- Author: Kathy Keatley Garvey
Mohammad-Amir Aghaee, graduate student in the Larry Godfrey lab in the UC Davis Department of Entomology and Nematology, won the first-place President's Prize in his category for his 10-minute talk on a rice water weevil at the Entomological Society of America's 61st annual meeting, being held Nov. 10-13 in Austin, Texas.
His abstract: "Rice water weevils (Lissorhoptrus oryzophilus Kuschel) are the primary insect pest in California rice agriculture. They present a challenge for IPM because of their soil dwelling larvae, which prevents the effective use of parasitoids, nematodes and predators. However a possible cultural control method may present a sustainable solution if its mechanism can be explained. Data from the field experiments in the 1990s showed that winter flooding of rice fields to break down post harvest rice straw would result in reduced larval populations in the spring. Studies from the last two years have been exploring the mechanisms behind this decline. Similar results were shown in a greenhouse study in the summer of 2013, with reduced larval counts in treatments with a winter flood compared to treatments without the flood. As part of this study we also examined the addition of rice straw, which nullified the effects of the winter flood. The evidence suggests that use of winter flooding in California will have benefits for growers against rice water weevil, but the mechanism behind it has yet to be determined."
Kwok, who works closely with integrated pest management specialist/professor Zalom; doctoral candidate Kelly Hamby of the Zalom lab; and molecular geneticist Joanna Chiu, assistant professor in the Department of Entomology and Nematology, discussed "Integrating Circadian Activity and Gene Expression Profiles to Predict Chronotoxicity of Drosophila suzukii Response to Insecticides."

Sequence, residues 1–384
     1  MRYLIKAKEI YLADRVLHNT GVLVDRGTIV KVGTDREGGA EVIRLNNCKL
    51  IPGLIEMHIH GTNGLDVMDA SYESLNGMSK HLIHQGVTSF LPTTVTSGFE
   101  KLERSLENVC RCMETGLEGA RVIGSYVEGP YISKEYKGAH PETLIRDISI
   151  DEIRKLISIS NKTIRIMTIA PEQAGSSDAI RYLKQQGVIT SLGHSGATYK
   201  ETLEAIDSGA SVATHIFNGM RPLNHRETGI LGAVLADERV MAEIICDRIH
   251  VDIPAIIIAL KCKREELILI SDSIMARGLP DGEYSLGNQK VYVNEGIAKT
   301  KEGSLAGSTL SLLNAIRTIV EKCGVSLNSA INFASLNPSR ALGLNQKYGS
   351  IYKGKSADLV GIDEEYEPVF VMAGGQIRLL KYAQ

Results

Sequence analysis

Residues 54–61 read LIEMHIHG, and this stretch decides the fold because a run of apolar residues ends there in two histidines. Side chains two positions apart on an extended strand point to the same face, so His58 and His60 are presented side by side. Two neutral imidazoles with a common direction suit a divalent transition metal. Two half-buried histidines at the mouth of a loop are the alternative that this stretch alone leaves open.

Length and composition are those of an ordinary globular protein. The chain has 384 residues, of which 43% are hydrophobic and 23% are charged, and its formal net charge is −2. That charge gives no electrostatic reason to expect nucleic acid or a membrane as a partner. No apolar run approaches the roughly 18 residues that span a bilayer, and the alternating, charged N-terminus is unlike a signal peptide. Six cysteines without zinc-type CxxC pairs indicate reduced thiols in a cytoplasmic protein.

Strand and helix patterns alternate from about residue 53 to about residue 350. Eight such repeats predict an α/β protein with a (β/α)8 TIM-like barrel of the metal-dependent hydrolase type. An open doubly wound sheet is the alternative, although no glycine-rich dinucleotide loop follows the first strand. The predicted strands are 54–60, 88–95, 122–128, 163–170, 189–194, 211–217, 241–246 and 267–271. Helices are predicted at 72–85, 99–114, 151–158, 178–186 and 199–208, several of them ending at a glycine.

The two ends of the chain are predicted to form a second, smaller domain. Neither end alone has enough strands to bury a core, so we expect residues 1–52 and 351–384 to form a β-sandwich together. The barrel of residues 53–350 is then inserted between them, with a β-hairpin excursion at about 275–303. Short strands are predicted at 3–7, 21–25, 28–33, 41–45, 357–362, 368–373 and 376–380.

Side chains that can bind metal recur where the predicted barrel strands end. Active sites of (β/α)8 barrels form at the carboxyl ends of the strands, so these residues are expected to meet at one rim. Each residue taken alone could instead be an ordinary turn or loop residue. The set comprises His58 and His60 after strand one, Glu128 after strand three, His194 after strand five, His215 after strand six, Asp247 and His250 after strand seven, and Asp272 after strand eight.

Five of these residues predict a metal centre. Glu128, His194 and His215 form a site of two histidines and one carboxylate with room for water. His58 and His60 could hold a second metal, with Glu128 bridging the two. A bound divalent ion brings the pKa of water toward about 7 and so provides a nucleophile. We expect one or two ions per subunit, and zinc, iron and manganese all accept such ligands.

Native to Southeast Asia, Drosophila suzukii is a recent invader that infests ripe and ripening fruit, leading to significant crop losses. Since current D. suzukii management strategies rely on insecticide usage, and insecticide detoxification gene expression is under circadian regulation in the closely related Drosophila melanogaster, we set out to determine if integrative analysis of daily activity patterns and detoxification gene expression can predict chronotoxicity of D. suzukii to insecticides. Locomotor assays, detoxification gene expression analysis, and acute insecticide contact bioassays were performed under conditions that approximate a typical summer day in Watsonville, California, where D. suzukii was first detected in North America. Summer is also the cropping season, when most insecticide applications occur. We observed that D. suzukii assumed a bimodal activity pattern, with maximum activity occurring at dawn and dusk. Five of the six genes tested exhibited rhythmic expression over a circadian day, with the majority showing peak expression at dawn (ZT0, 6am). We observed significant differences in the chronotoxicity of D. suzukii towards malathion, with highest susceptibility at ZT0 (6am), corresponding to peak expression of cytochrome P450s that may be involved in bioactivation of malathion. High activity levels were not found to consistently correlate with high insecticide susceptibility as initially hypothesized. Chronobiology and chronotoxicity of D. suzukii provide valuable insights for monitoring and control efforts, because insect activity as well as insecticide timing and efficacy are crucial considerations for pest management. However, field research is necessary for extrapolation to agricultural settings.
The first-place President's Prize consists of a one-year free membership in ESA, a $175 cash prize, and a certificate. The second-place winner receives a certificate and a $50 cash prize.
Frank Zalom is the incoming president of the 6500-member ESA and will assume his new duties today (Nov. 13). He will president over the ESA's 62nd annual meeting, to be held next year in Portland, Ore.